Oracle Fusion CRM cloud pricing may seem high depending upon your perspective and reference points. If you compare Fusion CRM to Oracle OnDemand or cloud competitors such as Salesforce.com, the price is high. If you compare the Fusion suite SaaS pricing to competitors, there’s not much to compare to, and quite likely the reason why the price is high. Oracle is early to market with a complete cloud business software suite. There are competitive suites, but not many, and the lack of competition will likely keep the pricing elevated for the foreseeable future. And don’t expect traditional Oracle rivals such as IBM, SAP and Infor to release similar cloud business software suites which would then introduce new competition and more aggressive customer pricing. SAP and Infor are behind the eight ball with regard to cloud suites so competition will instead come from best of breed players such as Microsoft, Salesforce, Workday and other smaller but more innovative providers.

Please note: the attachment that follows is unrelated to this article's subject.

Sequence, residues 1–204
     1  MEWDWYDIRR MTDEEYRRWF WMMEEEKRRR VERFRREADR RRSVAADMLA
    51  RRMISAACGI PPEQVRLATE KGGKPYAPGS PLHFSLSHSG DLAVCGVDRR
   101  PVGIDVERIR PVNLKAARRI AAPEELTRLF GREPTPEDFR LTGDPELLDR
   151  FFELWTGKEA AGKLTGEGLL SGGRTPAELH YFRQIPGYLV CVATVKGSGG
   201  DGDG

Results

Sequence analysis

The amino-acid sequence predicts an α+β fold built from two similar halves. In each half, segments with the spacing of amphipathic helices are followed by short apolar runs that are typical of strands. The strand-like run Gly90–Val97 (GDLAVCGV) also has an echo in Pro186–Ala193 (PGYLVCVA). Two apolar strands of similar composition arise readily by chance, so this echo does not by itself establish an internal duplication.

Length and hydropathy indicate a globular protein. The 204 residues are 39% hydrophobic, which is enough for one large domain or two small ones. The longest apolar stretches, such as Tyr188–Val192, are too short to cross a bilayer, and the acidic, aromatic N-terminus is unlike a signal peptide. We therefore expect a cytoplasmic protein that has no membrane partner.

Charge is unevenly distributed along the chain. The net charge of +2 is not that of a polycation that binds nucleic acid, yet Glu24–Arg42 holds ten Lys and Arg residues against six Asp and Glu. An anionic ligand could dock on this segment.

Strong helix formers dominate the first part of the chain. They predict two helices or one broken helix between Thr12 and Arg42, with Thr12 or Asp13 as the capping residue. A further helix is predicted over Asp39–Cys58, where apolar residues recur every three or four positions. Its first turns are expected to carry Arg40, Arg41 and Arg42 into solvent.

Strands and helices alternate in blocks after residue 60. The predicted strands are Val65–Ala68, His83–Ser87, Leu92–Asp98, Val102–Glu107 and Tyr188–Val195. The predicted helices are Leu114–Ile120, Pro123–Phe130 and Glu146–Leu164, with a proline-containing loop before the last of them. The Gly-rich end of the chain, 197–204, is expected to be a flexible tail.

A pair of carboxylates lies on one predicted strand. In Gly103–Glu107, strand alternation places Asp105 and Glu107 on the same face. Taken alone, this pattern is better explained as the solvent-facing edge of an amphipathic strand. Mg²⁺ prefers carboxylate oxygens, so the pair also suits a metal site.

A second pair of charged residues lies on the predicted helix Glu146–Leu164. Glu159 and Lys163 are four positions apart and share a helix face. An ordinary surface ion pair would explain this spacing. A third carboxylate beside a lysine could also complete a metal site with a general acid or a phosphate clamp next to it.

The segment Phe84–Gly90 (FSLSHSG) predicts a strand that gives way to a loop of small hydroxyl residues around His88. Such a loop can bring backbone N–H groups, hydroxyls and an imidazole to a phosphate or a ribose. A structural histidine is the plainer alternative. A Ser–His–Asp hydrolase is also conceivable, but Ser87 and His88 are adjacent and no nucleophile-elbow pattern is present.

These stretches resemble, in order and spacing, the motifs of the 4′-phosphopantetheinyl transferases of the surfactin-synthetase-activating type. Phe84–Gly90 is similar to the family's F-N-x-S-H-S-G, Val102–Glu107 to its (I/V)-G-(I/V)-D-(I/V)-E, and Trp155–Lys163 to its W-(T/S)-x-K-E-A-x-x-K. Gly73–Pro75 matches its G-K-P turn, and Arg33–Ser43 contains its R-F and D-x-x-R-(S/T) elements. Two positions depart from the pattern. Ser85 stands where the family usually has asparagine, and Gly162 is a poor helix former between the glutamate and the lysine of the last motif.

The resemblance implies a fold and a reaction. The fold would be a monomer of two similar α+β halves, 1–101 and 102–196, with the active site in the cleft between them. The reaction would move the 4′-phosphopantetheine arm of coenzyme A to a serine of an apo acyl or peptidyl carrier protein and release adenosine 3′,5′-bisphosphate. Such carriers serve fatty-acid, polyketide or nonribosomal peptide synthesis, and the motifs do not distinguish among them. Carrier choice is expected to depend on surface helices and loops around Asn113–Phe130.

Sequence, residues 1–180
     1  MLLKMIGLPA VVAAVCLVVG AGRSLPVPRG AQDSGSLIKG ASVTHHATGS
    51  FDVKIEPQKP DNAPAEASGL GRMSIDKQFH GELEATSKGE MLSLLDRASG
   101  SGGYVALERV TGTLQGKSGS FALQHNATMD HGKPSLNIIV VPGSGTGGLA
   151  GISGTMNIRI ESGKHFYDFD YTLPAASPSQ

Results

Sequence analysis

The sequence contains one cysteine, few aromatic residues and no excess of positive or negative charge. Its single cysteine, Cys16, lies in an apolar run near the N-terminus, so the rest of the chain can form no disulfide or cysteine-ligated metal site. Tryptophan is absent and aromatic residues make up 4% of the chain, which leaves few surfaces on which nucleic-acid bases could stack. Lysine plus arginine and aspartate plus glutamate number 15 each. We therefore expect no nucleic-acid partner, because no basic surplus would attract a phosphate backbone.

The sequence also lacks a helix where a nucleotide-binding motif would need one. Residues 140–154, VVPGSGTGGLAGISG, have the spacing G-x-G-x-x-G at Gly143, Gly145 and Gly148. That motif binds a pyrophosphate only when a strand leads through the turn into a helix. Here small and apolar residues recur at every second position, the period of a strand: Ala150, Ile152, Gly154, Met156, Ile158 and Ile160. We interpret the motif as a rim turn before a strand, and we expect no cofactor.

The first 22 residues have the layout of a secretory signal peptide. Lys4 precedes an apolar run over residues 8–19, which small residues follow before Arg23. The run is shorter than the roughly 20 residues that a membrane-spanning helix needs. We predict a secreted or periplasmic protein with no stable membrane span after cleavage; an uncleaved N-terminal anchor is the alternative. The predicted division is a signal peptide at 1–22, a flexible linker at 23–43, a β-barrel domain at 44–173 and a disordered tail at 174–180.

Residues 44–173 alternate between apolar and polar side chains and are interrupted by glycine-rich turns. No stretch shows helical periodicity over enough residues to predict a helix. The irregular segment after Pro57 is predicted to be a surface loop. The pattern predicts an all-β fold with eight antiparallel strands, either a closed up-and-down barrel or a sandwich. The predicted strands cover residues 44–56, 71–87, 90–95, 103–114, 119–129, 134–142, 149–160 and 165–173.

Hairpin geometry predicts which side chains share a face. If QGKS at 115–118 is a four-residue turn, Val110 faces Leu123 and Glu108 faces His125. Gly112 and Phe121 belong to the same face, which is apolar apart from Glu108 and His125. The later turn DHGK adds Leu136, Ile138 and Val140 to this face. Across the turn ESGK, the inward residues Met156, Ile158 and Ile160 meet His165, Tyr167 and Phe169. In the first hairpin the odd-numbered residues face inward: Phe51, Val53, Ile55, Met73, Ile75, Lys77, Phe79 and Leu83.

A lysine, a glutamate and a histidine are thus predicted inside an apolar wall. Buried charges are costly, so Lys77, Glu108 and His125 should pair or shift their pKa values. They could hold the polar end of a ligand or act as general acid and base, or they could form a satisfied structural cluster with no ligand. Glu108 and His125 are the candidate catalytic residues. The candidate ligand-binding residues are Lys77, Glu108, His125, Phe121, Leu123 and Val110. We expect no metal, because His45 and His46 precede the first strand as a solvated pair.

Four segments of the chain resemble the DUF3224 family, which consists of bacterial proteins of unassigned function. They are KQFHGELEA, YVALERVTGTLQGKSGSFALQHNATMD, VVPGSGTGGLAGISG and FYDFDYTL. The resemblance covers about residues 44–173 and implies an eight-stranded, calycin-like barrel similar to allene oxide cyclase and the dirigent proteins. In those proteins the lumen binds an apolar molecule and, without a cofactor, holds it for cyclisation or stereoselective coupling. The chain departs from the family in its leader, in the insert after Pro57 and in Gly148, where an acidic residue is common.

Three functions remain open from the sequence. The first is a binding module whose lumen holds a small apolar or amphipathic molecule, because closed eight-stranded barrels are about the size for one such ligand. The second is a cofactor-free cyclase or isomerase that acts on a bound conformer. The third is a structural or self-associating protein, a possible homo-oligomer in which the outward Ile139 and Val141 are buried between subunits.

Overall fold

Clearly, Fusion TCO is holding back both existing and new Oracle customers. Whether Oracle has correctly calculated optimal pricing elasticity for maximum customer adoption is unclear. What is clear is that until the enterprise software competitive landscape expands, Oracle will not feel the pressure to lower SaaS subscription fees in order to win business away from competitors. End

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In a move that’s unusual for Oracle, the company is positioning itself as a market leader, or possibly a market maker, in creating the industry’s CX messaging, and enabling software, and trumpeting the virtues and benefits of CX software solutions.